#1
Quick question.

Is it possible to become somewhat proficient at Piano, without getting lessons or going through any of the classical grades?

I like to arse around on the Piano every now and then, I can play a few bits and pieces here and there nothing even close to head turning stuff though. kind of left hand bass note, right hand chords, really basic accompaniment, But in terms of advancing from where I am I have absolutely no idea how to go about it.

have any of you taught yourselves?

I'm not looking for flight of the bumblebee, Rachmaninoff etc. level. Just moderate songwriting ability.

what you reckon?
#2
Definately. I don't consider myself a virtuoso by any means, but I just learned the basic chords and now I am a decent player. I have gone from writing most of my songs on guitar to writing most of them on piano.

Just learn as many chords as you can and work from there. Experiment with playing to different time signatures, learn to improvise and just have fun
Quote by Ichikurosaki
sloth is hacking away feebly at the grass because he is a sloth but he was trying so hard ;_; hes all "penguin im HERE i am here to help you penguin"
#4
I taught myself. No idea why you can't do that. I guess some people need the help because they don't know where to start, or how to continue. But it's just like any other skill; you can learn it yourself or you can have it taught.
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#5
Yeah, I don't like the idea of being taught to play music, its about the feel bro.
#6
i will lurk this thread...i has a keyboard...that i would like to learn....

suggest sites you self taught peoples...
I haz gotten gud
#7
Quote by aeroslash09
Yeah, I don't like the idea of being taught to play music, its about the feel bro.


Being taught does not in any way diminish the feel of the music. It's just means to an end. It's alot easier to feel the music when you know the structure behind it, IMO.
Quote by Ichikurosaki
sloth is hacking away feebly at the grass because he is a sloth but he was trying so hard ;_; hes all "penguin im HERE i am here to help you penguin"
#8
Quote by Kensai
I taught myself. No idea why you can't do that. I guess some people need the help because they don't know where to start, or how to continue. But it's just like any other skill; you can learn it yourself or you can have it taught.


This is pretty much it. I'm confident with basic triads around the keyboard, major, minor and Dominant 7ths I can work out. but even in Cmajor when i try to step up my game a little i can't really get past left hand whole notes and right hand quarter notes.

Lessons are pretty expensive, but from what I hear they seem to be focused on grades which doesn't really interest me.
#9
I don't see why not. If you can teach yourself to play guitar, you can teach yourself to play piano. But if it's just a bit here and there; I suggest doing what you're doing right now. If you really feel the need to progress, it's best to dedicate a bit of time and money for lessons/sheet music. I played piano for about 10 years.
#11
Quote by Deliriumbassist
Until you develop a bad habit that leads to carpal tunnel syndrome (playing a string instrument anyways).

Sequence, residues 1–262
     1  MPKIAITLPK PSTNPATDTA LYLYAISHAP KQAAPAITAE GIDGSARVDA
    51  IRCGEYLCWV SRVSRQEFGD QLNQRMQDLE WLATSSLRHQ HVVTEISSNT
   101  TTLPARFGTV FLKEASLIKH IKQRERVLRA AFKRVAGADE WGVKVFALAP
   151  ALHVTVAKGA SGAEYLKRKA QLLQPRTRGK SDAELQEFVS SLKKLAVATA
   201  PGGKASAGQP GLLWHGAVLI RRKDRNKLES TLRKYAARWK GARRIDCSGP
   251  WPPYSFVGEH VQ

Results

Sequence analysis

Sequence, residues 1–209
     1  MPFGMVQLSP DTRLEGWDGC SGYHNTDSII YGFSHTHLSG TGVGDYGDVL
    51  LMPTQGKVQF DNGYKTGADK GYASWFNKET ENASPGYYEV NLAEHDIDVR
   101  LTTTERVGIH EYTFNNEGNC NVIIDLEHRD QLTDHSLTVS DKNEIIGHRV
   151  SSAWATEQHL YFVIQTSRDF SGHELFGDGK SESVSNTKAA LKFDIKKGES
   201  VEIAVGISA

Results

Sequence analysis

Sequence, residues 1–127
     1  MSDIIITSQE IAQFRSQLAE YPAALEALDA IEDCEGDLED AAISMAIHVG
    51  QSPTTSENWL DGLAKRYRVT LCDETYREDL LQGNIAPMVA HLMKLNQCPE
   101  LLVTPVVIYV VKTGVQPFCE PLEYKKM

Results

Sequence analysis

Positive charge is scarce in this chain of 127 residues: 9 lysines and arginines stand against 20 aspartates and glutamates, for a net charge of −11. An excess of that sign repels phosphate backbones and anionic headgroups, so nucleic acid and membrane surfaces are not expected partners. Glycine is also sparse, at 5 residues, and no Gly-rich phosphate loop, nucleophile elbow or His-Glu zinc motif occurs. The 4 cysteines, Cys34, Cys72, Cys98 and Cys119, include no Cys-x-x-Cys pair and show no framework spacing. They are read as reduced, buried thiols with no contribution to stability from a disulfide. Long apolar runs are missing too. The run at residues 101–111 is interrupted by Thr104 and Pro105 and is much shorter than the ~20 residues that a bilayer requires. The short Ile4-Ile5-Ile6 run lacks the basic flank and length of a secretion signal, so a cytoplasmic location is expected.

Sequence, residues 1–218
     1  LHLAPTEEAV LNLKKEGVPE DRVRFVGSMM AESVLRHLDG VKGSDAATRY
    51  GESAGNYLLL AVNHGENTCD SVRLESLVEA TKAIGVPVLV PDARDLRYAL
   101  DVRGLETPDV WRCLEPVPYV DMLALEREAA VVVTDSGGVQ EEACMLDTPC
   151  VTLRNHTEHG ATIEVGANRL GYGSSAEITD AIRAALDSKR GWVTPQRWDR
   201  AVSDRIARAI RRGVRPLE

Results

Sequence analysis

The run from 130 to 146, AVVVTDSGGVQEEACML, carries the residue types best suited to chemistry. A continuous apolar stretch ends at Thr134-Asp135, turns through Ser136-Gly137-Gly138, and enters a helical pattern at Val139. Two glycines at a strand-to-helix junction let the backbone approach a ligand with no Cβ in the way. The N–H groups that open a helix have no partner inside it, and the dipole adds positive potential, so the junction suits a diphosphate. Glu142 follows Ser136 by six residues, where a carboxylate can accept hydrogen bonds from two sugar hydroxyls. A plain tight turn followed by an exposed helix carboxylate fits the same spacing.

This too.

I'm already riddled with RSI in my arms.
#13
I highly recommend this book
http://www.sheetmusicplus.com/title/The-Older-Beginner-Piano-Course-Level-1/313550

I know you don't live in the USA so I'm not sure how easy it is to find that sort of thing, but when I first started learning I taught myself from this book and made huge gains in only a few weeks.
Quote by ChucklesMginty
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Quote by Jackal58
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#15
Yeah I'm trying to teach myself piano too. Basically, I'm right where you are; the basic "left hand bass notes right hand chords" thing. But I've just been trying to learn some of my favorite songs and I feel like they're helping me a lot.

As a tip, get Guitar Pro, and you can get any song that is on this site tabbed out and you can have the standard notation. That's how I learned all my favorite songs. Just make sure that you transpose it into standard tuning so that the standard notation isn't off.

Good luck!
#16
Quote by Demon Wolf
Being taught does not in any way diminish the feel of the music. It's just means to an end. It's alot easier to feel the music when you know the structure behind it, IMO.


I'm not bothered about getting lessons every week or something like that, but I hate the idea of music colleges and the like, they shouldn't exist.
#17
Learning how to properly "cross" when doing scale runs/arpegios will probably be better for you in the long run, but you only really need a few youtube videos to get the hang of it. I'm absolutely in love with playing the Piano recently. Though i played a Steinway not so long ago, and now my home keyboard feels like a toy .
#18
You can definitely teach yourself. A teacher could help accelerate things though.

Whether you want to play classical or not though I would recommend using it for learning. There is a lot of music in the classical repertoire and I'm sure you can find some you like and you can find examples of any technique that you might need somewhere in the repertoire.

Also, learn to read sheet music if you don't already know how then find some easy pieces and learn them one hand at a time before putting them together.